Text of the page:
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Cold-Climate pumps are similar to the all-climate models, although this pump type is still in development. The advantage of cold-climate pumps is their ability to calculate the minimal amount of energy needed for heating or cooling your home. It then automatically adjusts to those settings, making it perhaps the best alternative for green living once the design becomes widely available.
Mini-split heat pumps are used in homes that lack ductwork. A single external unit connects to multiple smaller internal units. These are connected in turn to space heaters or water heaters. When retrofitting a house, this type of heat pump proves ideal, as the small interior components may be placed where needed and are relatively easy to install.
Comparing Heat Pumps to Furnaces
Heat pumps generally have many advantages over furnaces when it comes to efficiency, although there are times when furnaces have the advantage instead. Now that you are aware of the various heat pump options, a direct comparison between pumps and furnaces is possible.
While most modern furnaces run off of gas or electricity, a large part of their energy consumption is spent towards heating or cooling the air. As such, they are generally not as efficient as heat pumps in moderate climates. Cooler climates are different, however. Heat pumps expend high amounts of energy absorbing heat in freezing temperatures, with the exception of cold-climate and all-climate models. In states where the weather frequently drops below freezing, a furnace tends to be the more energy efficient choice.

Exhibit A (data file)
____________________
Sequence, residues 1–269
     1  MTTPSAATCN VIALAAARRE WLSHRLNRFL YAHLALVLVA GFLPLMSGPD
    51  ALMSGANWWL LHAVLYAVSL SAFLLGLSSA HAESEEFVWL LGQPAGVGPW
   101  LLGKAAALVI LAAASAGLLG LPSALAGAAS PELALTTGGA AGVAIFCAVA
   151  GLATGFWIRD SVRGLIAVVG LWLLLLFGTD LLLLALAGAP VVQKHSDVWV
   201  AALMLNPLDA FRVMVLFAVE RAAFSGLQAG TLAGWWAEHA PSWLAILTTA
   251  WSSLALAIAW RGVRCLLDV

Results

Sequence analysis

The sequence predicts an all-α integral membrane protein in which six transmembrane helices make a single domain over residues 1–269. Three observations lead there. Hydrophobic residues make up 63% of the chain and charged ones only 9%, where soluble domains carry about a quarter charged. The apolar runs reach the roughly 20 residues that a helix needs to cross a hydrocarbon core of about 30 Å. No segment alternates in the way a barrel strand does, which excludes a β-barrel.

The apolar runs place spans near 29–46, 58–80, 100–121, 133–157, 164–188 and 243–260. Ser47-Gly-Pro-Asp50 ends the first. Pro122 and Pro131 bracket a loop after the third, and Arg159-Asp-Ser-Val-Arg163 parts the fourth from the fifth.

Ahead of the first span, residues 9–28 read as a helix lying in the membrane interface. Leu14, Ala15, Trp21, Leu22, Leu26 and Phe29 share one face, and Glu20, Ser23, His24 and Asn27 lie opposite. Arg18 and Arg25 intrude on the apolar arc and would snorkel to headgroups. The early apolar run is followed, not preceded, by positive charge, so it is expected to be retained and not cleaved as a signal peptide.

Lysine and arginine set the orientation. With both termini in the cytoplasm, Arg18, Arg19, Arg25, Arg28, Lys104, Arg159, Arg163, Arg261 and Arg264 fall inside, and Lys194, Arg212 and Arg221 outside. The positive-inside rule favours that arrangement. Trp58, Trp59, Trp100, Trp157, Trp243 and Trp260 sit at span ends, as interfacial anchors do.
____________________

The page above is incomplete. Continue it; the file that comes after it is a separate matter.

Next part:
Heat pumps are designed to distribute heat evenly throughout a house. This has the advantage of leaving no cold spots. However, the overall heat is milder than a traditional gas or oil furnace, meaning you may feel chilly if you are used to furnace-based heating.
Unlike furnaces, heat pumps have an external unit which must be placed in a location where airflow is unobstructed. Shrubs and other potential blockages must be kept pruned back for the pump to function at peak efficiency. Furthermore, you will need to consider aesthetics, as the eternal unit cannot be hidden and therefor might be best placed on a side of your home which sees the least amount of outdoor use.
One common fact between heat pumps and furnaces is the fact that both need supporting systems or components to function properly. In the case of a furnace, these supporting systems usually consist of air conditioners or other cooling devices and a dehumidifier. Heat pumps are generally able to function without these, especially ground-source and air-source pumps, as they dehumidify the air naturally.
However, there are times when a heat pump cannot function as efficiently due to low temperatures. In such cases, a backup heat source, such as a modified gas furnace or supplemental electrical heating becomes necessary. Be sure to consider these added components before settling on a specific heating system.
For more information on how heat pumps work, as well as choosing a type for your home’s needs, HowStuffWorks offers a detailed guide.
The U.S. Department of Energy offers an in-depth guide on air-source heat pumps, with links to additional guides and articles at the end.